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Gamete donation

Hane Htut Maung
Assisted reproduction using donor gametes is a procedure that allows those who are unable to produce their own gametes to achieve gestational parenthood. Where conception is achieved using donor sperm, the child lacks a genetic link to the intended father. Where it is achieved using a donor egg, the child lacks a genetic link to the intended mother. To address this lack of genetic kinship, some fertility clinics engage in the practice of matching the ethnicity of the gamete donor to that of the recipient parent...
December 8, 2018: Journal of Medical Ethics
Elle C Roberson, Elizabeth Ann L Enninga
One of the first steps towards a successful pregnancy is fertilization, where sperm and oocyte come together to form a zygote. In mammals, this process can occur in vitro, allowing assisted reproductive technologies (ART) to alleviate certain infertilities. ART - which includes in vitro fertilization and gamete donation - accounted for 1.7% of all US births in the US in 2015 (Sunderam et al. 2018). This article is protected by copyright. All rights reserved.
December 5, 2018: Molecular Reproduction and Development
Alexander M Quaas, Guido Pennings
Two major breakthroughs in the field of assisted reproduction-oocyte donation and oocyte vitrification-have joined forces to create the rapidly emerging phenomenon of commercial egg banks (CEBs). In this review, we examine the history of this concept, the operational models, the geographical variations, and the benefits and pitfalls of CEBs, including the ethical and legal dilemmas arising from gamete mobility. We highlight future directions in the brave new world of third-party reproduction.
December 2018: Fertility and Sterility
Jason Hanna
According to the causal theory of parenthood, people incur parental obligations by causing children to exist. Proponents of the causal theory often argue that gamete donors have special obligations to their genetic offspring. In response, many defenders of current gamete donation practices would reject the causal theory. In particular, they may invoke the 'too many parents problem': many people who causally contribute to the existence of children - for instance, fertility doctors - do not thereby incur parental obligations...
November 27, 2018: Bioethics
Roy Homburg, Fatima Husain, Anil Gudi, Mark Brincat, Amit Shah
Religious teachings encourage fertility. The rapid progress of reproductive science has proved a challenge to interpret and adapt to assisted reproductive techniques which were not even dreamed of in ancient scriptures. The clash between religion and science has produced separate laws for each religion and reproductive practitioners are often at a loss to understand and accept them. Four lay members of different religions have set out the thinking of their religion regarding assisted reproductive techniques, concentrating in particular on gamete donation...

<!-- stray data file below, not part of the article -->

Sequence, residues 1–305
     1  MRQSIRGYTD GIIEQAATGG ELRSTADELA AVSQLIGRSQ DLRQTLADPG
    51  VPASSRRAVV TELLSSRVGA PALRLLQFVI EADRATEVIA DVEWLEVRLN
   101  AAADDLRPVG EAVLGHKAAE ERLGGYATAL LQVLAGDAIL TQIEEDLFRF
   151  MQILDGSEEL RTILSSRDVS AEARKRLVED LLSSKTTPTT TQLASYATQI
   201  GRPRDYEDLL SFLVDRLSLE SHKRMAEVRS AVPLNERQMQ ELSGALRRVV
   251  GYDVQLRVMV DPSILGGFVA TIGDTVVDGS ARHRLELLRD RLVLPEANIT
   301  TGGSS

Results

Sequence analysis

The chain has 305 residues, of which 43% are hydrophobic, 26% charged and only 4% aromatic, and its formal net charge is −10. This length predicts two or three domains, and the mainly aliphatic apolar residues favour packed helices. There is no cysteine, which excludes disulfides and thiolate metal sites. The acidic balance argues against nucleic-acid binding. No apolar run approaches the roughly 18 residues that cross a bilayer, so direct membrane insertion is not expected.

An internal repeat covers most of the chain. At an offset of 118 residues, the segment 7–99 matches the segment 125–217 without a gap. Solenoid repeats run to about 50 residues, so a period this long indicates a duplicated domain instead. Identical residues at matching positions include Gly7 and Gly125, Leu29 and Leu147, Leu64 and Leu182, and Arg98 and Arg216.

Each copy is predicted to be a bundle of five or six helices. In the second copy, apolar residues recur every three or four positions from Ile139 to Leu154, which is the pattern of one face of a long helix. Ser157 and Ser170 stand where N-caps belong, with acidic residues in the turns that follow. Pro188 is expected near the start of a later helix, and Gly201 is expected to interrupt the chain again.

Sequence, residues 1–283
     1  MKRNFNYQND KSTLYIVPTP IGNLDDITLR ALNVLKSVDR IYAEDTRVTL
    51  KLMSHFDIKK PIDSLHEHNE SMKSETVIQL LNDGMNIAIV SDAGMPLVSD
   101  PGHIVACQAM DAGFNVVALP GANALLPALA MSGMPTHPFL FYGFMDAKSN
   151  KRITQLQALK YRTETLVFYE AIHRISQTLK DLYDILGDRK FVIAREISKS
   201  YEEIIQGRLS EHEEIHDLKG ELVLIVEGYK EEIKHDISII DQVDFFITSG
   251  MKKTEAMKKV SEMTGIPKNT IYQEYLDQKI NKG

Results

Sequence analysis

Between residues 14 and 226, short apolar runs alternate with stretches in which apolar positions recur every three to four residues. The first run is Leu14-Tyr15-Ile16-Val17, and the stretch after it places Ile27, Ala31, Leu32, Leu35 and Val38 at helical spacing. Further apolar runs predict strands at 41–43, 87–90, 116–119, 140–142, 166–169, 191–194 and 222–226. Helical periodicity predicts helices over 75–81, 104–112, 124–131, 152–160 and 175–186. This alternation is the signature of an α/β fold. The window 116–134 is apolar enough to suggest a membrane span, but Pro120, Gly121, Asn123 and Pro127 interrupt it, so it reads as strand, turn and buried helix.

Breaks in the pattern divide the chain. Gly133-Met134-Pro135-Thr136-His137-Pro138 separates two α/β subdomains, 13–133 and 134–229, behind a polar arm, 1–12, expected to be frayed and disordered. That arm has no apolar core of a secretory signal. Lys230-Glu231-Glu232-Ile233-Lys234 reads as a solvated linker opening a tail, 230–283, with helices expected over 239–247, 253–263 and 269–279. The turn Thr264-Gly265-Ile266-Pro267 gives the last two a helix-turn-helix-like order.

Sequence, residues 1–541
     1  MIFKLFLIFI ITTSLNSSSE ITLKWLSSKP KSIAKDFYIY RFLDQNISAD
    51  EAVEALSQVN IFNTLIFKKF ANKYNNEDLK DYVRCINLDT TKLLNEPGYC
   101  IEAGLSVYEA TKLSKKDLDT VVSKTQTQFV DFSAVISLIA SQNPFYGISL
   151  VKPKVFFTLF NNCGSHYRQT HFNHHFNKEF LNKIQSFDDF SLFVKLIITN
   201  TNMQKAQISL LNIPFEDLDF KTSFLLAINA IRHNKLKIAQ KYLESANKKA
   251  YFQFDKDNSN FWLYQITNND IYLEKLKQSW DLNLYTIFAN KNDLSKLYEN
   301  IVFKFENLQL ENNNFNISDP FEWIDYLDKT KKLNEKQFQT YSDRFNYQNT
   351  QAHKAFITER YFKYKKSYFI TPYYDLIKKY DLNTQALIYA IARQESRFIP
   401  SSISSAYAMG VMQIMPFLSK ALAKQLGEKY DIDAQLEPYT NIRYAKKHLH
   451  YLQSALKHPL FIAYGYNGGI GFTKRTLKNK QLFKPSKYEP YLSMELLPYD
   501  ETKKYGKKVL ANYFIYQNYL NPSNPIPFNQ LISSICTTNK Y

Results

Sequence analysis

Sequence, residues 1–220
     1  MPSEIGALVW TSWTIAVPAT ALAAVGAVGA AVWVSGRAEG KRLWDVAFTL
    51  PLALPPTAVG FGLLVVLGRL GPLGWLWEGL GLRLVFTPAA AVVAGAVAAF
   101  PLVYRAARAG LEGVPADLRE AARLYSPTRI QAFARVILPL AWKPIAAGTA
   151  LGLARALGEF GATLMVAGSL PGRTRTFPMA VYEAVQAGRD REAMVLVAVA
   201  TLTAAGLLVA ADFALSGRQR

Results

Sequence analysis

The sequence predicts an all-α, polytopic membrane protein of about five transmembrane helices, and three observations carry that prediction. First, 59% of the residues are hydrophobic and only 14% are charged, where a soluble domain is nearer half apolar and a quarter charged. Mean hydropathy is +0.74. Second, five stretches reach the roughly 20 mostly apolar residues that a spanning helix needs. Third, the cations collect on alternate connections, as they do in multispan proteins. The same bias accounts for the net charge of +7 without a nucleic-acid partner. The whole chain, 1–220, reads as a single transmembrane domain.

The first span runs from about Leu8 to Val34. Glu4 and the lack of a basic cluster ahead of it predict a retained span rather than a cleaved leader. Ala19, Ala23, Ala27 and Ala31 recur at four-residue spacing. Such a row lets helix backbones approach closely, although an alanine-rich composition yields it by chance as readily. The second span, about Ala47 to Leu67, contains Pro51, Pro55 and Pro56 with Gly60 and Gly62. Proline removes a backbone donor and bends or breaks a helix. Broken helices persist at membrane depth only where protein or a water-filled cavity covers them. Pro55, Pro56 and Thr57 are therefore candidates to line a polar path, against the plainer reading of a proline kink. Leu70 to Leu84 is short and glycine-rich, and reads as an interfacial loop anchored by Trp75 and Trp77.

December 2018: European Journal of Obstetrics, Gynecology, and Reproductive Biology
Inmaculada de Melo-Martín, Lisa R Rubin, Ina N Cholst
BACKGROUND: Anonymity remains the more common practice in gamete donations, but legislation prohibiting anonymity with a goal of protecting donor-conceived children's right to know their genetic origins is becoming more common. However, given the dearth of research investigating the function of anonymity for donors and recipients, it is unclear whether these policies will accomplish their goals. The aim of this study was to explore experiences with anonymity among oocyte donors and recipients who participated in an anonymous donor oocyte program and to understand the ways in which anonymity functions for them...
November 6, 2018: AJOB Empirical Bioethics
Drauzio Oppenheimer, Agatha Ramos Oppenheimer, Sthefano Teixeira de Vilhena, Augusto Castelli Von Atzingen
OBJECTIVE:  Assisted reproduction combines innovative technologies and new forms of procreation through gamete donation; however, it also leads to moral and ethical issues and to the wide application of referential bioethics. The objective of the present study was to understand the bioethical context of shared oocyte donation. METHODS:  The present qualitative study used the Collective Subject Discourse methodology to interview donors and recipients in Brazil...
September 2018: Revista Brasileira de Ginecologia e Obstetrícia
Carol Coughlan
Recurrent implantation failure (RIF) is very distressing for couples and frustrating for their clinicians who seek to find a solution. RIF is defined as the failure to achieve a clinical pregnancy following the transfer of at least four good-quality embryos in a minimum of three fresh or frozen cycles in a woman of age below 40 years. An agreed local protocol regarding how couples with RIF should be further investigated and managed should be in place. Ovarian function should be assessed by measuring antral follicle count, FSH, and AMH...
August 2, 2018: Best Practice & Research. Clinical Obstetrics & Gynaecology
Taisiia Yurchuk, Maryna Petrushko, Barry Fuller
The modern successes of reproductive medicine are based on the achievements in the fields of artificial fertilization and cryobiology over the last 50years. Cryopreservation of oocytes makes it possible to preserve their reproductive potential after surgical interventions, treatment of cancer, for delayed pregnancy and to use cells for donation. Cryopreservation of embryos allows not only to reduce the multiple pregnancies rate and to increase the cumulative pregnancy rate as a result of embryo transfer in the following favorable cycles of the patient, but is also a necessary procedure in case of genetic diagnosis or in the case of contraindications for embryo transfer in the stimulated cycle due to possible complications...
November 2018: Early Human Development
Anna Blazquez, Désirée García, Rita Vassena, Francesc Figueras, Amelia Rodriguez
INTRODUCTION: Pregnancies after gamete donation are at higher risk of developing pre-eclampsia (PE) than those achieved by IVF with patient's own gametes. We aim to assess whether pregnancies achieved with both oocyte and sperm donation (double donation, DD) are at an increased risk of developing PE and gestational hypertension (GH) compared to those achieved by oocyte donation alone (OD). MATERIALS AND METHODS: Retrospective cohort study of 433 patients who reached the 20th week of gestation with either DD (n = 81) or OD (n = 352) between March 2013 and April 2016 at a fertility clinic...
July 2018: Pregnancy Hypertension
Kaberi Banerjee, Bhavana Singla